Bangor Daily News: Tales of huge haddock hauls were a few of the fish stories that came with the boat Chris Brown bought last year from a Canadian. To Brown, they were stories of missed opportunity.
The previous owner told Brown that for years the vessel trolled the edge of an area closed to U.S. fishermen for conservation. Because no one told the fish the Canadians hadn’t signed on, the fish grew undisturbed in U.S. waters, then swam east into the nets of waiting Canadians.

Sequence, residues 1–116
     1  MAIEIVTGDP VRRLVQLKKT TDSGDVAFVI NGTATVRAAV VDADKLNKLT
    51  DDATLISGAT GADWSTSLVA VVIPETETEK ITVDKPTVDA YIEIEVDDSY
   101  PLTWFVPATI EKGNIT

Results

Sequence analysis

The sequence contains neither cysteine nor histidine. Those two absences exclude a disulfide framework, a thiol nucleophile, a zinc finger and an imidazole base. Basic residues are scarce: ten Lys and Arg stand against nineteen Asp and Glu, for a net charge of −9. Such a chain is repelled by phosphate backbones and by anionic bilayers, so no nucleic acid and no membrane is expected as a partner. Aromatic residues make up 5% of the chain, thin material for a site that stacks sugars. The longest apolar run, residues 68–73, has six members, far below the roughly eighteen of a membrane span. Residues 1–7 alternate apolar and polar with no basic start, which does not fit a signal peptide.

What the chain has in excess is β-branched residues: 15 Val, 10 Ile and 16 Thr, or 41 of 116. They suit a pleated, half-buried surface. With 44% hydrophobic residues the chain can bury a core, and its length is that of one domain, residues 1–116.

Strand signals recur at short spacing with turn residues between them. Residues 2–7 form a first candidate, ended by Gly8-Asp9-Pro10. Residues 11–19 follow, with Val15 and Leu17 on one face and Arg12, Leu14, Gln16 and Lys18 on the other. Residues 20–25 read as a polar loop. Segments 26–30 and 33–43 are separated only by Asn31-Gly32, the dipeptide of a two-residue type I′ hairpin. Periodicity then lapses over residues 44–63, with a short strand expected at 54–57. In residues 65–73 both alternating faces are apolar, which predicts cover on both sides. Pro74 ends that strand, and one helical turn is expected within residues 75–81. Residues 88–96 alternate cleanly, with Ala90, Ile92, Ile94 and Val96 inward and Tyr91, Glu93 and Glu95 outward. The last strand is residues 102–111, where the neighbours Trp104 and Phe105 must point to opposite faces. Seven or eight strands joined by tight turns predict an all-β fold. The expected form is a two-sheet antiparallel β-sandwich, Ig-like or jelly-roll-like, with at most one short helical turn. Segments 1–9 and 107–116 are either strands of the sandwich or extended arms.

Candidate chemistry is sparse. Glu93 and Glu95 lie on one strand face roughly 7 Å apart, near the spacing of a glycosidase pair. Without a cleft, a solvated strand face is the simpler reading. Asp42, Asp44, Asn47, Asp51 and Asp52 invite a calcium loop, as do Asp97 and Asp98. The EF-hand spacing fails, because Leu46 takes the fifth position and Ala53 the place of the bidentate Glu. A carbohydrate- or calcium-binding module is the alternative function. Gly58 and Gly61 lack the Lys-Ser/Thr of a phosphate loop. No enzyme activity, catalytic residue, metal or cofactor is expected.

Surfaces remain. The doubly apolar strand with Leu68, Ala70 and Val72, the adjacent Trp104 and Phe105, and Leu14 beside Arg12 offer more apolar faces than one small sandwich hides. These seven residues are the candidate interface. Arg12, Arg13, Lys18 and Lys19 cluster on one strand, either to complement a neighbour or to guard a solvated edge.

“They were incredibly grateful for our conservation efforts,” Brown, of Point Judith, Rhode Island, said dryly.
Such circumstances are one cause of underfishing—a phenomenon that has struggling U.S. fishermen catching a fraction of what regulators say is a safe amount to take from rebounded stock, leaving millions in potential revenue in the water.
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Are fish being “wasted” if they are not harvested?
Are fisheries managers too slow to adjust limits?
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